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  #9  
Old February 20th, 2004, 02:59 PM
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Chris Kearney
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I have heard a lot of talk about this fix over the years, but have been too embarassed to ask, what is the ignition module and what does it look like? I have heard that many trucks had this done by the dealer early on in their lives, and I wanted to know how to check if mine has and what to look for.

Thanks,
Chris
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  #10  
Old February 20th, 2004, 03:22 PM
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Jared Rowe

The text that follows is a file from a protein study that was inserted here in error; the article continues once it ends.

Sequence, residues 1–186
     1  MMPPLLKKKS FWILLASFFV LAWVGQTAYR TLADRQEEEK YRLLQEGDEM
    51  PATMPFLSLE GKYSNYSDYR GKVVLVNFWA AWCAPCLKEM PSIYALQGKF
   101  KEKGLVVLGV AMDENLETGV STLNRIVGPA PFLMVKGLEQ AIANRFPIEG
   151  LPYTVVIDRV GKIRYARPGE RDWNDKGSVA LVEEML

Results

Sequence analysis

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Chris,

The module is a little black box, about 2"x2"x1/2", that is mounted to the side of the distributor. It's mounted on the lower side, so it's kind of barried and will be diffcult to get to. If you look close, you will see it.

If your truck has had the relocation kit installed, there will still be a box mounted on the distributor. It is a dummy box that looks similar to the original module, however, it will have a wire running from it to the real module which will probably be mounted somewhere near the coil on the driver's side of the engine bay. The replacement module will be mounted on a rectangular piece of aluminum that is supposed to be some sorry excuse for a heatsink (about 2"x5").
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  #11  
Old February 20th, 2004, 05:11 PM
JohnC